Check with the church/temple office staff about shooting during a service. Many churches will not want photography or video during a religious ceremony. Most will have no problem with folks shooting inside the church/temple before or afterwards.
  18. schataut macrumors member

    Jan 13, 2010
    Let me share my experience. I do occasional wedding/event photography and own Nikon 24-70 and 70-200 2.8 lenses. Both lens are AWESOME - focus is FAST and images are SHARP.

    Recently I shot an event and decided to use 2 primes - New Sigma 35 1.4 ART lens and Nikon 85 1.4 lens. I was not the primary photographer for this event and thank god for that :) Few observation -
    * In terms of focusing these lens do not match up with 24-70/70-200 combo.
    * Sure I can foot-zoom however either I left too much room for cropping or shot was too tightly cropped.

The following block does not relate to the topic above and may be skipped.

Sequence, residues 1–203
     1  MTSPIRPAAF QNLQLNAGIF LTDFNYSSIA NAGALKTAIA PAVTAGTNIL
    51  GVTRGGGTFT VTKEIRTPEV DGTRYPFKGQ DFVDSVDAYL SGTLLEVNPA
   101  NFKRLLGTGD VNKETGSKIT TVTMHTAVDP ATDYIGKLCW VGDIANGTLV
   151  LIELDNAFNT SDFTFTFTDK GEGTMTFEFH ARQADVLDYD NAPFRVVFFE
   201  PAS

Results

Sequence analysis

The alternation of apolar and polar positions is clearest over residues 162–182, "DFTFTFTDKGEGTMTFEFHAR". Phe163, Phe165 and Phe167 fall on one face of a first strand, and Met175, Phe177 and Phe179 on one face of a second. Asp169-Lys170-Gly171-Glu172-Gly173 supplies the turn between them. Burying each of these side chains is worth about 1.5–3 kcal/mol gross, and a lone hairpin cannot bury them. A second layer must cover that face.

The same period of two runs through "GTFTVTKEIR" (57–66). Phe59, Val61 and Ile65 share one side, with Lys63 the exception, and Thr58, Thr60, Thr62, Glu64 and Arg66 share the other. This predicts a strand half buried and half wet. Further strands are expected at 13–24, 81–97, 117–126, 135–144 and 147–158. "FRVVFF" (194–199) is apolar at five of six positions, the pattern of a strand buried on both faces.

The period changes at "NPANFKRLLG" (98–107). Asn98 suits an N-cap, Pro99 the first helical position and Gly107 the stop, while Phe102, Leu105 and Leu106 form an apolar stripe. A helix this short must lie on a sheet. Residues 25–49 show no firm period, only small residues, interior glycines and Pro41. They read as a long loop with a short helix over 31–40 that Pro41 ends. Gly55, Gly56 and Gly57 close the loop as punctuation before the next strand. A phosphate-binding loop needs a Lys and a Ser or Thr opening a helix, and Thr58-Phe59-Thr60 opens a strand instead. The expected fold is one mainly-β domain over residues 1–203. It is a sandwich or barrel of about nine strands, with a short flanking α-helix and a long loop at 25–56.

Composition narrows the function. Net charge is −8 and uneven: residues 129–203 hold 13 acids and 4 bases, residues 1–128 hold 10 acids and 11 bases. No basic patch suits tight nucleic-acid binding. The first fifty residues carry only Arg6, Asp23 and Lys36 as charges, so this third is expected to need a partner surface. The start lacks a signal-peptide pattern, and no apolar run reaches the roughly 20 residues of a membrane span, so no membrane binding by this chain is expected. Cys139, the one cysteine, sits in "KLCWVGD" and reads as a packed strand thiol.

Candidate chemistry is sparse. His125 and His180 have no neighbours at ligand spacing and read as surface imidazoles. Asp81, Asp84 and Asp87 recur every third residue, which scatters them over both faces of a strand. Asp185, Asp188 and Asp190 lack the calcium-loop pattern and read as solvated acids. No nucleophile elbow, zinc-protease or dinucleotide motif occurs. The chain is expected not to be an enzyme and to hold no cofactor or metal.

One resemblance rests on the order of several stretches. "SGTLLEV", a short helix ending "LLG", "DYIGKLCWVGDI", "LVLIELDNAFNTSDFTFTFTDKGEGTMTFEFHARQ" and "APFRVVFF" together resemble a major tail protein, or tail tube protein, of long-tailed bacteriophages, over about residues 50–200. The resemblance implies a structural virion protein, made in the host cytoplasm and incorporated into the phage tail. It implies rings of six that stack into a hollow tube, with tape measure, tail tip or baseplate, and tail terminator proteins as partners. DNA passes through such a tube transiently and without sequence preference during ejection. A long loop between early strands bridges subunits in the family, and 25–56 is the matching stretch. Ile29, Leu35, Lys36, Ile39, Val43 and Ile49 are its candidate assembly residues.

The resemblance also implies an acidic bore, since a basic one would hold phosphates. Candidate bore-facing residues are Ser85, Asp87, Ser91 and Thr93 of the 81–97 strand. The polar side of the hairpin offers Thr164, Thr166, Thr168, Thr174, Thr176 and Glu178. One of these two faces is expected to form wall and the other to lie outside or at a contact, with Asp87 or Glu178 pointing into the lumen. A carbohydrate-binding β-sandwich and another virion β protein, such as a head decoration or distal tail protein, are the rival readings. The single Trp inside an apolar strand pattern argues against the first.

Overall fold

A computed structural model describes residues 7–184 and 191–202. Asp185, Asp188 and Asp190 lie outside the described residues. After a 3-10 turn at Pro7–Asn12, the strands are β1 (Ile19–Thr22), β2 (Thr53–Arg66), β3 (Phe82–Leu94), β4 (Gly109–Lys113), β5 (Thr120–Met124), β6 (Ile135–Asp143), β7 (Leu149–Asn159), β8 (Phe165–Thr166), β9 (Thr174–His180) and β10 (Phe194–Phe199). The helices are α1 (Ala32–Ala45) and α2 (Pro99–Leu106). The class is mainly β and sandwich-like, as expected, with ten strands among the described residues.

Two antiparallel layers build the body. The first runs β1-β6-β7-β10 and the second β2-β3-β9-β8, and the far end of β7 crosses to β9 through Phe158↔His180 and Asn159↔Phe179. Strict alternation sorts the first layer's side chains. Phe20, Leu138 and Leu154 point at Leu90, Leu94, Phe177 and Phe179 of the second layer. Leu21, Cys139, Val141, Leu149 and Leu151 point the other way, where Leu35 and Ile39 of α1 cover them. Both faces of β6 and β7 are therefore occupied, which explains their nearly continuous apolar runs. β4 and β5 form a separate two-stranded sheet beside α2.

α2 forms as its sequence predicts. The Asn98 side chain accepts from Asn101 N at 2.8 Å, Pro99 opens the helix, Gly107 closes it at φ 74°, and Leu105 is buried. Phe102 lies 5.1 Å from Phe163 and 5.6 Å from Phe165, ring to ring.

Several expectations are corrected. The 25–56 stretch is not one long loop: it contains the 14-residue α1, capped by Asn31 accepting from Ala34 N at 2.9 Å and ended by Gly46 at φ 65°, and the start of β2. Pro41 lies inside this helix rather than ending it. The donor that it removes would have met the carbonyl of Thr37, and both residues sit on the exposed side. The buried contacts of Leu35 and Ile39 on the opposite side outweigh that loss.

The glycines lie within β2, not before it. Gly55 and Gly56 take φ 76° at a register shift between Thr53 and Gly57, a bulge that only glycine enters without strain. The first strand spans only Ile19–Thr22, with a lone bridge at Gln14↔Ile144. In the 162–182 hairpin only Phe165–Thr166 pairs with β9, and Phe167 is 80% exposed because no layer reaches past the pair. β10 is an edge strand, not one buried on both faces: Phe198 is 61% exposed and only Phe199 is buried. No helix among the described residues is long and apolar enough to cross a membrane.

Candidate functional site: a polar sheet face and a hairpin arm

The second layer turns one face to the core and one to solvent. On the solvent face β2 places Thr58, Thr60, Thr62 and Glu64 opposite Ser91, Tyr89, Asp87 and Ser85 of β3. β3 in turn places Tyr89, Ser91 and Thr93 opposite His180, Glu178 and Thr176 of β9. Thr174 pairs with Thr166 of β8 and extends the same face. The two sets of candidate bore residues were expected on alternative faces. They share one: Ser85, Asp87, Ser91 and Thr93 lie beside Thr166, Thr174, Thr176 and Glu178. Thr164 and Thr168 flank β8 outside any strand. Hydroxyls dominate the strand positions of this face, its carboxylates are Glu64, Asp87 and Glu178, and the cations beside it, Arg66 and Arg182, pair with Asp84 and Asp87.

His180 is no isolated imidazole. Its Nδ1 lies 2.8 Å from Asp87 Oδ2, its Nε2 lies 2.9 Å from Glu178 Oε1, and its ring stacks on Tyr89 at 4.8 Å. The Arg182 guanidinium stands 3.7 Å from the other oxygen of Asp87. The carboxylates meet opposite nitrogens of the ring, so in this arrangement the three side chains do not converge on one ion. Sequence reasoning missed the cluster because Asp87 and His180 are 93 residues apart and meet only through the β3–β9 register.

* At 1.4 DOF was so shallow (also depends on how far/close I was) I had issues with 2 or more people in the shot (few were not in focus)
    * Not able to quickly snap candid shots that were little too far.

    The GOOD - the look of the photos is certainly very nice when you are shooting wide open at 1.4 when focus is achieved well. However if this was a paid gig I would be afraid to depend on the prime for critical shots.

    Sure 1.8 will allow more light than 2.8 however consider other factors as well and look into 24-70 2.8 instead. If its really dark hall you will definitely need focus assistant of an external flash as well (Nikon allows flash to just use the focusing beam without firing the flash).
  19. AlaskaMoose, May 22, 2013